Nan had a huge brassy laugh you could hear from the back of a packed auditorium. She took no shit but had the sensitivity and insight to make flailing teens feel understood and valued.
We did some standard stuff (Jesus Christ Superstar, with a boy kissing a boy! gasp!) and also The Stinky Cheese Man and Other Fairly Stupid Tales, which she adapted from the picture book into a manic, wonderful one act play that won us the Massachusetts State Drama Festival and ensemble acting awards, the experience of which was the highlight of my entire high school career, thankyouverymuch. We did a really dark post-apocalyptic little number called Rabbit the year before. Also Working, the musical based on the book by Studs Terkel, which I read in its entirety to prepare for auditions and it was amazing. I was Rose Hoffman, a teacher, and she drove me to an elementary school to take pictures of me with greyed-out hair in an classroom to get photos for a cool projection effect she wanted to do with each character. There was a cast of 40+ so you do the math on how much of her own time went into that. I still have a picture from that shoot. She had the vocalists over at her house to practice songs on the weekends. She coached students to try out for acting scholarships and drove us there. She designed sets and costumes and got the tech kids building them. She had a glorious, belt-y alto and oh yeah, she taught Chorus, too. A little crowd of us around her at the piano, alternating Rent medleys and traditional songs like Shendoah, pulling lovely harmonies from our unconfident voices. I remember talking with her about body language and status and the coolness of Julie Taymor's puppetry. I remember notes she gave to 16 year old me, 16 years ago.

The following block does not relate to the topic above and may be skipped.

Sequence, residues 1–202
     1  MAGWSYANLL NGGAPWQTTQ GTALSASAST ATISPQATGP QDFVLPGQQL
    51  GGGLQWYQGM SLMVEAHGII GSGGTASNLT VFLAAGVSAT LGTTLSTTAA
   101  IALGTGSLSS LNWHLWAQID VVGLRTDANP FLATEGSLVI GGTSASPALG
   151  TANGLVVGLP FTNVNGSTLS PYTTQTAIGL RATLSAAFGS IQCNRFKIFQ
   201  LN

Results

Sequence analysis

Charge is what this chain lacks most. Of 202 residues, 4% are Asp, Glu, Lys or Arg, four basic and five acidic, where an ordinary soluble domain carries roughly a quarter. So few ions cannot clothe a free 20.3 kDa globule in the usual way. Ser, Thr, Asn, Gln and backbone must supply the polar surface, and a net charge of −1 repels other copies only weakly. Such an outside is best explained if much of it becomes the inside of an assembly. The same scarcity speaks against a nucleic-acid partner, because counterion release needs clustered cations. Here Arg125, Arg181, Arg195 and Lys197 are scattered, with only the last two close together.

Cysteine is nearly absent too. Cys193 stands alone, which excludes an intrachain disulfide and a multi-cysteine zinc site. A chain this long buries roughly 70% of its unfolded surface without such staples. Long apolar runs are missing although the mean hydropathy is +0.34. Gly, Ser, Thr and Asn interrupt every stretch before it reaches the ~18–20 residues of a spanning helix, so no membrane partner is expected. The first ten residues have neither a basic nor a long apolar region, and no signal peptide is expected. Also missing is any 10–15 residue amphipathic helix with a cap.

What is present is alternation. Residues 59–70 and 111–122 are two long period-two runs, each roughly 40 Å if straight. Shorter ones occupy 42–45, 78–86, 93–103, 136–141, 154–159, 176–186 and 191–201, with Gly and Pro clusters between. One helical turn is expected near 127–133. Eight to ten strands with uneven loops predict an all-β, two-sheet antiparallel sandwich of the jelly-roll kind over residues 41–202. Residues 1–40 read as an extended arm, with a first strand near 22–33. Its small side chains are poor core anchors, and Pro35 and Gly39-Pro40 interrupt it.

Soon after I got into Brandeis, the Theater Company of Saugus had a play competing at EMACT, which was held at Spingold theater that year. Nan asked me if I'd like to come, so we pretended I was part of the crew and I tagged along. That's how I got my first look at the main stage of the college where I would study theater for the next four years. It was from a book of plays she lent me in which I found the monologue I used for my first audition. (Nina Shengold, Lives of the Great Waitresses.)
And all that creativity and effort and on-her-own-time and attention and let's not forget money, Saugus has never been swimming in budget - that was just how much I can remember from my time in high school, 15 years ago. I was just one kid. I don't even think of myself as one of the most mentored, which in retrospect is kind of boggling. Think about the aggregate of all that creative energy and dedication. How many students have memories like mine? In 25 years of teaching?
I'd been meaning to write her a card for the past couple of months.
Recap for the past 4 days: dad in and out of the hospital, ok now, thank goodness. Marathon. Texas. Nan. This week is fired forever.